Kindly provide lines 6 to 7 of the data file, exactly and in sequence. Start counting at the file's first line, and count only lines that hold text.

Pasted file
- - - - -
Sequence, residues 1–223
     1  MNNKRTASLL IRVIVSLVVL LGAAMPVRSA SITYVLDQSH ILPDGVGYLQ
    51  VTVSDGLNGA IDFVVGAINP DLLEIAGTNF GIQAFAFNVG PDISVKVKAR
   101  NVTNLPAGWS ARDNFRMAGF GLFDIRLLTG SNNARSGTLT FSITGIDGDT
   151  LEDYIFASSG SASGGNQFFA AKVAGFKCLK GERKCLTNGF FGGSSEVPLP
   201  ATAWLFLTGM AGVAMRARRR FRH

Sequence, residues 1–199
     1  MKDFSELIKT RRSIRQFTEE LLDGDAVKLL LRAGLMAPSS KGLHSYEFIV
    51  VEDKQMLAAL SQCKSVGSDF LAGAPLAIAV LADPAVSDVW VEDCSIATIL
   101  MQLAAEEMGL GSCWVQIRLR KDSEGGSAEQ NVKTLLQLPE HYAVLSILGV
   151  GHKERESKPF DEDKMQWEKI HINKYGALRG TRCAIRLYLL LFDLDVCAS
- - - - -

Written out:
   201  ATAWLFLTGM AGVAMRARRR FRH

Sequence, residues 1–199